Written and directed by Shari Springer Berman, Robert Pulcini;
A Fine Line Features release;
Running time: . MPAA rating: R (language).
Harvey Pekar – Paul Giamatti
Joyce Brabner – Hope Davis
Toby Radloff – Judah Friedlander
Robert Crumb – James Urbaniak
Himself – Harvey Pekar
Herself – Joyce Brabner
Review by Jade Sharma
It is widely said that one of the primary functions of cinema is a means of escape. People go to the movies, to get away from the monotony of there daily lifes, to laugh, to cry, to visit another world. At the price of ten dollars a ticket, it is one of the cheapest drugs. And when you get a good hit, it is one of the best highs you can get.
Most Hollywood films, take you on exciting thrilling car chasing gun fighting journeys where beautiful people meet and have sex with other beautiful people. And you get to go along for the ride. But afterwards you walk into the street, and back home to your apartment with your sick cat and your fat wife, and all of a sudden what you thought was an alright life seems pathetic and lame in comparison.
Then there are those movies, that serve to make you feel better about your life. American Beauty showed us that even in the suburbs you can find beauty, like a bag blowing in the wind. Seabiscuit proved once again that anyone, no matter what obstacles are in their way can still attain the American Dream. And now American Splendor is here to say, yea, even a file clerk in Cleveland can make something out of nothing.
American Splendor is about the real life story of Harvey Pekar. The movie starts with Harvey‘s second wife leaving. He works nights as a file clerk, reads, and collects jazz records. He begans writing comics based on his real life. He asks his friend R.Crumb to illustrate his comic books, and then soon after meets a woman, and quit abruptly marries her. But this is no rags to riches story. This is no success overnight. As Crumb, becomes a celebrity in the world of underground comics and begans making a living off it. Harvey still works as a file clerk in a VA hospital. In fact the most fame Harvey gets is an invitation of the David Lettermen show. The film show actual footage of these interactions, so that you see the actor leave the green room, then you see the real Harvey Pekar with Letttermen. The New Yorker, I think put it best to describe the style of this movie, “It is a documentary and narrative that look at each other, but never touch.” Throughout the movie Pekar comments on the action of the narrative, and says things like, “this is the guy who is going to play me in this movie.” It is very self-reflective, and self-conscious. Constantly showing us that yea, indeed reality is stranger then fiction. In this way, it reminded me very much of Adaptation, which also kept referring to the film that you are watching.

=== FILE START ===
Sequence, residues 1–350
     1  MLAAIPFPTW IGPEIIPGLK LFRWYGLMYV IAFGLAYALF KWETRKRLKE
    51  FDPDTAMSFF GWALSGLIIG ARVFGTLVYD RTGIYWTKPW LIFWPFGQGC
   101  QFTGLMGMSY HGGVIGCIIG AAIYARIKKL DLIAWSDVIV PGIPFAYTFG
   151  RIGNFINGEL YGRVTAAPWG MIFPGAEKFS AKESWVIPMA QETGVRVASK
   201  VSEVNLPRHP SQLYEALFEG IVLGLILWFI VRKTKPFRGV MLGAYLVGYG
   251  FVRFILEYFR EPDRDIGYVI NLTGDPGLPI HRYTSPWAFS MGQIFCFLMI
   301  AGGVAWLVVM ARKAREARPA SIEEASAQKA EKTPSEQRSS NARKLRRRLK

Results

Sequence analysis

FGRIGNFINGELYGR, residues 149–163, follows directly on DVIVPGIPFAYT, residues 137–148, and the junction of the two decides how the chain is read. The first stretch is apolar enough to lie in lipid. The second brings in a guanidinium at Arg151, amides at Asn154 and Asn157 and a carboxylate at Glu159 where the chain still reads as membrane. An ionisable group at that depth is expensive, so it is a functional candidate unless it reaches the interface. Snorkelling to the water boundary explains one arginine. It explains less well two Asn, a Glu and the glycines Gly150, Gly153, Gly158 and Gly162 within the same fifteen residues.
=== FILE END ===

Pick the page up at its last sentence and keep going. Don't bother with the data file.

I think in some ways this innovative style proved successful, and in other ways it seemed sloppy, and intrusive. For instance, there were times where watching the narrative absorbed in the incredible performance of Paul Giamatti as the lack jawed squirrelly eyed Pekar, then all of a sudden, it cuts to the real life Pekar sitting in a white room talking. Although in this way, it may give you a more expansive understanding of Harvey Pekar, it also can be jarring. Getting absorbed in the narrative, and then being pulled out. It was like someone tapping your shoulder saying,”It’s not real, it’s not real.” It detaches you from the narrative.
What I think is it’s most redeeming quality is nothing that happens to Harvey is over the top wonderful, everything is shown within the monotonous landscape of real life cleave land, USA. He meets a woman, they get married. She sleeps all day, ever gets a job and critizes him. But they still love each other. He never becomes a billionaire for writing his comics, but it does give him fulfillment and fills the void within him.
The movie ends, with the actor Paul Giamatti fading, replaced with the real Harvey Pekar walking home from dropping off his daughter on the school bus. He says, that it’s no happy ending, and that his wife still don’t work, and his kid got ADD and is a real handful, and that every day is a major struggle. Although Harvey doesn’t win at the end, you still get the feeling that he has had a good life, and in-between the sinks of dirty dishes and the dullness of your life, maybe you do too.